Washington is among those historians seeking to deemphasize popular usage of Truth’s so-called “Ain’t I a Woman?” speech, as written down by a white audience member in a Southern dialect that Truth herself never spoke. Young Isabella was actually brought up speaking Low Dutch, and was beaten by a later slaveowner for not understanding orders in English. She had a “tongue of fire,” according to Washington, despite always speaking with a “Dutch brogue.” The historian quoted snippets of the famous speech from the 1851 Women’s Convention in Akron, Ohio, its full dignity restored, while following Truth’s travels from an abolitionist commune in Northampton, Massachusetts to speaking engagements all over the Midwest, to a visit to Washington, DC to campaign for Abraham Lincoln’s reelection in 1864.
Washington also described the rifts that opened in the suffrage movement over ratification of the 15th Amendment in 1870, granting the vote to black males only, before women of any race could vote. Truth sojourned in Rochester, New York at that time, but eventually settled in Battle Creek, Michigan, where she made several unsuccessful attempts to cast her vote before dying in 1883.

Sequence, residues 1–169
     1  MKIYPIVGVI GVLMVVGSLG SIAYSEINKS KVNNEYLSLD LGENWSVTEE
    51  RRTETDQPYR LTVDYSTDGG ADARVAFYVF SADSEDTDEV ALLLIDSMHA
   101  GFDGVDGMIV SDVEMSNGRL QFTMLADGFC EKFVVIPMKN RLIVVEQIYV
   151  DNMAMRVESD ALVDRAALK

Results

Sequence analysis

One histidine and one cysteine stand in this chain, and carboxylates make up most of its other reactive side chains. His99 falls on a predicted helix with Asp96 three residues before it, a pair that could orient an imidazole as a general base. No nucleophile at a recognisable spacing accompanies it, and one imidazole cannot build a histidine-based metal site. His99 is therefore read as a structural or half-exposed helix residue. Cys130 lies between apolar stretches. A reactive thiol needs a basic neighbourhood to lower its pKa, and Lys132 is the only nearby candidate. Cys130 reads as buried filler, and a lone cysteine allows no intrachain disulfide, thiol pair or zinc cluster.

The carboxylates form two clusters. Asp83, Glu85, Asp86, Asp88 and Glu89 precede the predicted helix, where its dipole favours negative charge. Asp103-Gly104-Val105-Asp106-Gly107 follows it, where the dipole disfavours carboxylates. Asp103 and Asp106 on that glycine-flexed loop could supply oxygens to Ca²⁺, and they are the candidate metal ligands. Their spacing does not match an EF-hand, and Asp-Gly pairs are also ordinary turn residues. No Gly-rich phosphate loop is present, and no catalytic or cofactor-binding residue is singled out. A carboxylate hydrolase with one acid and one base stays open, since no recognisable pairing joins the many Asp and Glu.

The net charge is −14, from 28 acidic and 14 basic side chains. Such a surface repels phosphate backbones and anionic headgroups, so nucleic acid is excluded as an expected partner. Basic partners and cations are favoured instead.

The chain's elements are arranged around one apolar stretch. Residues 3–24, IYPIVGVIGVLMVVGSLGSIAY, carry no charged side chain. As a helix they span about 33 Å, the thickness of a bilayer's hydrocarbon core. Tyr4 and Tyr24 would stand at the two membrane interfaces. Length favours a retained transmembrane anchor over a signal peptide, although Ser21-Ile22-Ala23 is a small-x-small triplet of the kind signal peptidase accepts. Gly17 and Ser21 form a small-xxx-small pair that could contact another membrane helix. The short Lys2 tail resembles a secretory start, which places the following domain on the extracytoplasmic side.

Among the honored guests at the statue’s dedication was Cory Mcliechey of Grand Rapids, Michigan, who is Sojourner Truth’s great-great-great grandson. Acknowledging that being the great leader’s descendant is “a lot of weight” to carry, Mcliechey said, “I can’t compete, but I’m here to represent.”
The owner of Top Notch Home Improvements, a company that specializes in painting and lead abatement, he said that he has established a vocational training program called Top Notch Kids whose advertising pitch depicts urban youth opting to learn the use of “paint guns, nail guns, heat guns and glue guns” rather than firearms.
Making the world a better place, each in our own small way, is the challenge that confronts every viewer of the new Sojourner Truth statue, as her fierce, determined, unflinching gaze holds our own eyes rapt. “I feel the weight of history on all of our shoulders,” said Kathy Hochul. “They did it for future generations. They have passed that torch to us.”